No two cancer diagnoses are the same, creating an even greater complexity for an already mystifying disease. Although there have been decades of extensive research, treatment plans and insurance coverage rely on the same forms of therapy that date back to the 1940’s: chemotherapy and radiation.
After diagnosis, physicians and care team members work together to develop a unique treatment plan that fits the needs of the patient. Doctors consider the type and the stage of cancer, the patient’s health history, preferences and of course cost. Based on these criteria, doctors will suggest a plan that consists of a combination of the three most common treatments: surgery, chemotherapy, or radiation – with over 1 million cancer patients receiving chemotherapy or radiation treatment each yet.
Monoclonal antibodies (mAbs) have been around for over three decades and are an effective alternative cancer treatment method but are not as commonly known or used as traditional oncology drugs. Preferred by many for its relatively minimal impact on a cancer patient’s quality of life, this form of therapy stimulates a patient’s own immune system to attack harmful cells. MAb treatment tends to not be as tiring on the body and will not result in a loss of hair like chemotherapy does, a major concern for many who begin cancer treatment. It also continues fighting off the cancer cells after leaving the infusion site, whereas radiation and chemotherapies stop working as soon as treatment ends, and a patient leaves the hospital.
Proving their value even further, outside of cancer treatment monoclonal antibodies were widely used throughout the Covid-19 pandemic to treat those who were immunocompromised or were experiencing heightened symptoms. For these individuals, treatment was free but did require an administration cost, which was then typically covered by Medicare or Medicaid, and even private insurances. More recently, this form of treatment was approved for use to prevent RSV in babies, some of the most vulnerable individuals. The rapid availability of such treatments for these newer diseases is leaving many wondering why the same cannot be said for cancer treatment.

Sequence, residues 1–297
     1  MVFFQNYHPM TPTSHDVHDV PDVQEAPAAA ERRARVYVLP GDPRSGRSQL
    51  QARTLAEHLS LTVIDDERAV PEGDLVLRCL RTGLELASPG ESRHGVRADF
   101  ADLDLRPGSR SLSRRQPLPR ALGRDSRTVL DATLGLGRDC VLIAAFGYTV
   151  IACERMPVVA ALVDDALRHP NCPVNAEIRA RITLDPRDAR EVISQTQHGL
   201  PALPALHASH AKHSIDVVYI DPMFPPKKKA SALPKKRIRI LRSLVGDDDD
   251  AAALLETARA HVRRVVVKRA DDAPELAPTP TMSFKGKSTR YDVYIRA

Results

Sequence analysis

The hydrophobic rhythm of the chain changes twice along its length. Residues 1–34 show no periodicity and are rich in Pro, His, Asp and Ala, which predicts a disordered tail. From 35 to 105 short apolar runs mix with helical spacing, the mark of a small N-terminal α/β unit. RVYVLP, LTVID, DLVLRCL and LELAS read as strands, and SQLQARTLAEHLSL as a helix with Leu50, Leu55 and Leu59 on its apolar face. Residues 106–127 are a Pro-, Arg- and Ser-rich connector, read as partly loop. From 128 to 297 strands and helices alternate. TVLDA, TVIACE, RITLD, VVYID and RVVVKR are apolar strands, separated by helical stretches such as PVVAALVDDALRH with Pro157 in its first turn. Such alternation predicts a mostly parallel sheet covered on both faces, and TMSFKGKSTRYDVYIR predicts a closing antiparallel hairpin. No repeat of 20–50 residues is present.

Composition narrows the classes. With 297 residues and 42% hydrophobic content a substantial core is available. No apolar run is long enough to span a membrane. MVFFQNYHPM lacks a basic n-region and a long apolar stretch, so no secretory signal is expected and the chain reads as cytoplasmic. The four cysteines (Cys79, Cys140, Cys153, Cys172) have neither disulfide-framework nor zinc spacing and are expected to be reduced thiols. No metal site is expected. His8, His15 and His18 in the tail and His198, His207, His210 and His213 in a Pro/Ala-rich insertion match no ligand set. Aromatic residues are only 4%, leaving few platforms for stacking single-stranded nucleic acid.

Drug pricing for patients
Oncology drug pricing for new drugs has increased by 53% in 5 years, making the annual average cost of these medications $283,000 in 2022. Certain government funded insurance such as Medicare, require all cancer drugs to be covered, whereas other private insurance vary. Many of these private organizations will cover 90% of the chemotherapy and radiation costs since they are a more commonly utilized form of treatment, holding patients responsible for 10% of the bill. With monoclonal antibodies being a newer form of treatment, they tend to be one of the most expensive forms of cancer treatment – holding patients accountable for a minimum of 20% of the bill. Depending on insurance deductibles, this could bring the total out of pocket cost of mAbs to over $100,000 annually.
Though monoclonal antibodies have been proven effective in treating certain forms of cancer, these prohibitive costs are holding them back from being fully utilized – resulting in patients settling for other forms of treatment, even if antibodies would be the best fit for the patient. As further research and studies become published around the success of these forms of therapy, many are left wondering why insurance companies are not covering these costs for cancer treatment – a deadly disease attacking humanity since ancient times – but were willing to during the 2020 covid-19 pandemic. As many would agree, access to care should not rely on socioeconomic status and one reason many in the biomedical field are pushing for additional funding and coverage.
The need for funding
Government funding plays a major role in the advancement of drugs, including monoclonal antibodies, which are extremely expensive to produce and can take months to develop. Funding allocated to biotechnology companies helps to advance their research and develop these medications at a faster rate, while driving forward clinical trial processes and increasing availability. It also helps to decrease drug costs that would otherwise be priced at high rates if this funding were not available. Funds allocated to these companies are also crucial to creating a consistent and healthy flowing manufacturing cycle to avoid drug shortages like the one the nation is currently experiencing.
Additional funding will not only help with drug pricing and manufacturing but will also create a greater opportunity for research on these life-threatening diseases in hopes of finding a cure. Manufactures and developers have already begun taking their concerns to political figures, but the more pressure applied from those across the industry, the greater the chances of receiving this funding will be and the better health outcomes we can expect.
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